We don’t know that the cat is Jewish, sir. After all, he just wandered into our little village one day,” blurted Potashnik nervously. Others in the village began making observations about Yonkel that would seem to indicate that his “Jewish roots” were in question. The Magistrate grew angrier and angrier as the townspeople remarked about such things as Yonkel’s flat nose and green eyes.
But the Magistrate was very cunning and so he turned to the sage of Vaysechvoos and said, “You people believe that your God is all-knowing, and He would certainly be able to tell you if the cat in question is Jewish or not, correct?”
“Of course our God knows,” responded the sage.
“Fine,” said the Magistrate, “let there be a drawing of lots. I will put two pieces of paper face down before me. On one I shall write the word ‘Jew.’ The other will say ‘Christian.’ If you draw the one that says ‘Jew,’ then I will take it as a sign from your God that the cat is indeed Jewish. You will then pay the fine of 500 rubles, and there will be no more discussion on the matter. And, of course, if you should draw the other piece of paper that says ‘Christian,’ I will immediately leave your town in peace.”
The townspeople of Vaysechvoos were very nervous.
“What will we do if the sage draws the piece of paper that says ‘Jew’ on it? We do not have 500 rubles. We do not even have 5 rubles!”
The people looked toward heaven and began to pray fervently that the Almighty would help them in this situation. Meanwhile, the Magistrate wrote on each piece of paper, “Jew,” thereby insuring the 500 rubles which he intended to pocket. He placed the papers face down before him, and said, “People, stop your praying. If your God is there, He’s heard you already. Let’s get on with the drawing.”
The sage moved slowly toward the table where the papers lay. “Which one should I choose?” he thought. “I have no idea.” Just as he was about to reach out, Nikolas and Yonkel came running into the room, Yonkel still on Nikolas’ back. Yonkel leaped off of Nikolas onto the table, upsetting the two pieces of paper. One fell upon Nikolas and seemed to hang there on the fur of the dog almost like a label of merchandise. Everyone looked down and was shocked to see that according to the paper tag, Nikolas was not a Christian dog after all, but a Jewish one. And if Nikolas was Jewish, then Yonkel must be Christian. And everything made sense to the people of Vaysechvoos, for it was not unusual for a Jew who was human to receive such treatment from the Czar’s men.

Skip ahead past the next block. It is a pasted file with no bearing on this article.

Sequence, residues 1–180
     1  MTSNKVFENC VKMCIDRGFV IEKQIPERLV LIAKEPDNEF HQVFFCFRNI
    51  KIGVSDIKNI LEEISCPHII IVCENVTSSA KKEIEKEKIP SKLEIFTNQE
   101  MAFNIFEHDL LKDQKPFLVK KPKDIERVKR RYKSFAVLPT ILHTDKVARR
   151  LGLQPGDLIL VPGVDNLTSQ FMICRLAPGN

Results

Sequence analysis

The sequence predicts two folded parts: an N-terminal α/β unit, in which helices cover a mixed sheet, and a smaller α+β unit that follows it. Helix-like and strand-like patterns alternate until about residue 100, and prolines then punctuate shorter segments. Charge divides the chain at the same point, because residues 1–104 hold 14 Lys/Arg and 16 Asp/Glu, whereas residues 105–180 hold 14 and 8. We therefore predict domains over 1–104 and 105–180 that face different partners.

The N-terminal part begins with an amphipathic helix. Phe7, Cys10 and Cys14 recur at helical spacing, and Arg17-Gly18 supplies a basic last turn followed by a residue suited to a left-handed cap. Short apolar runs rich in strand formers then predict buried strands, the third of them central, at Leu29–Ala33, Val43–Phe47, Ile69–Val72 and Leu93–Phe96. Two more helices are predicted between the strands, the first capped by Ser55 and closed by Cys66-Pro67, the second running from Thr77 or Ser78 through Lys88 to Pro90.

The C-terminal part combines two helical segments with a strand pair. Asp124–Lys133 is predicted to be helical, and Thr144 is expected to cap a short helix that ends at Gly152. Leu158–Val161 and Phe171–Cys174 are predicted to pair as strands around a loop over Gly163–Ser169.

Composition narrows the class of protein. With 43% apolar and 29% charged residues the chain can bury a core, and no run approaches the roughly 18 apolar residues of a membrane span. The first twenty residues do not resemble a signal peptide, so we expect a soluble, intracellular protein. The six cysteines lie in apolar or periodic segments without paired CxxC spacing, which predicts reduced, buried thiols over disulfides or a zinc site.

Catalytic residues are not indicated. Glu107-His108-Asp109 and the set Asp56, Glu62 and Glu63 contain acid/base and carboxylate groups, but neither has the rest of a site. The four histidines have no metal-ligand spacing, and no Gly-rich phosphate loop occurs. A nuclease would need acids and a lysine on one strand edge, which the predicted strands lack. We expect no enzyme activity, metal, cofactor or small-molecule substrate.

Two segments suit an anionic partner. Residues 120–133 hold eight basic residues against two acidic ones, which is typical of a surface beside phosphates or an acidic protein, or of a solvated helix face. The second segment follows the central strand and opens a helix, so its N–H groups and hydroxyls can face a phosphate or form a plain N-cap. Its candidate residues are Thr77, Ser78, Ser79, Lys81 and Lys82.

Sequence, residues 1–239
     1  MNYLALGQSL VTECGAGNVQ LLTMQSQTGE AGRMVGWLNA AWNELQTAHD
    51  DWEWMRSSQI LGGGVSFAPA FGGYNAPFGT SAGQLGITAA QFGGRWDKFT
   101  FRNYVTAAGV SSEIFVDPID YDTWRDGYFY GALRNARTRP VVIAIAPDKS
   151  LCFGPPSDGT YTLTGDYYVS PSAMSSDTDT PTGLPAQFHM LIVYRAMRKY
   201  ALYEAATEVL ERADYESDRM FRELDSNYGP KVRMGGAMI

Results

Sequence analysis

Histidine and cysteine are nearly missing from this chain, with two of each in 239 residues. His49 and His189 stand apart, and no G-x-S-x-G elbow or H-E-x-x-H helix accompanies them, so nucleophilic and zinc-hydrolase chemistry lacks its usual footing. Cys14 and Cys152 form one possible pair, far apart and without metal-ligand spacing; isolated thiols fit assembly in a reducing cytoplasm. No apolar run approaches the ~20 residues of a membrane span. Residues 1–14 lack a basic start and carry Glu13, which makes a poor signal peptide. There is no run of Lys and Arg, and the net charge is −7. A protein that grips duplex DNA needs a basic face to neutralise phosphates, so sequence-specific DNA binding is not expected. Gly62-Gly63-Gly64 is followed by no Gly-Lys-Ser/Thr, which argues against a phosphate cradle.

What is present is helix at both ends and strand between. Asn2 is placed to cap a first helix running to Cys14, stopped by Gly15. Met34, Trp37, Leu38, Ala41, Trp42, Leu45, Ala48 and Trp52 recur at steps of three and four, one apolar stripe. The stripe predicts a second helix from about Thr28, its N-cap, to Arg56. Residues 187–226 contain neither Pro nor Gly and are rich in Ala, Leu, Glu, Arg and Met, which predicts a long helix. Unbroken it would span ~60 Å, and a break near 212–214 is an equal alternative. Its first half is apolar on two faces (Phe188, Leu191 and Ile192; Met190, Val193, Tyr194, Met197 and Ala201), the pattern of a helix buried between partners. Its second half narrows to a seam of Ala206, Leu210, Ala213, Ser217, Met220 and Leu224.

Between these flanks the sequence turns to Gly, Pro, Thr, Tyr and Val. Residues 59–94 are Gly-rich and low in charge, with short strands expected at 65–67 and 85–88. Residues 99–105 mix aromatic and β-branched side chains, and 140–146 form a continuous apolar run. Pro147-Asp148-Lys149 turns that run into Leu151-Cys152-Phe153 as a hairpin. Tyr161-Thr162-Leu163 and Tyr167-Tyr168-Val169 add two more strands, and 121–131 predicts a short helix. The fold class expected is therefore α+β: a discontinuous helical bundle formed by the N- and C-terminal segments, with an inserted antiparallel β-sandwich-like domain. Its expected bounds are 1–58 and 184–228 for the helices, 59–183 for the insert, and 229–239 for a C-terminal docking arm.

In all the commotion, the Magistrate forgot that he had, indeed, written “Jew” on both pieces of paper. He looked at Nikolas with disdain and promptly left the little village.
You might be wondering what happened to Yonkel. Well, since his religion was now in question, the rabbi decreed that the cat must become a proselyte. He was immersed in the ritual bath and the whole town knew that Yonkel the cat was earnest about his religion because he didn’t scratch or claw or complain, but dutifully shook himself off and gave a cat smile that said, “I’m glad that’s over with.”
And as for Nikolas, he was received like any other poor Jew. Of course, his name was changed to Nachum, and the townspeople fed him regularly. He took upon himself the job of being the assistant shammes, in charge of guarding the synagogue from Gentile vandals.
The Registrar-Magistrate was never seen in Vaysechvoos again. He tried to make a 500 ruble determination in another town, and the Czar’s government retired him to a rest home in Siberia.
And the Potashnik boys, with the encouragement of their parents and Yonkel, studied very hard and all became rabbis.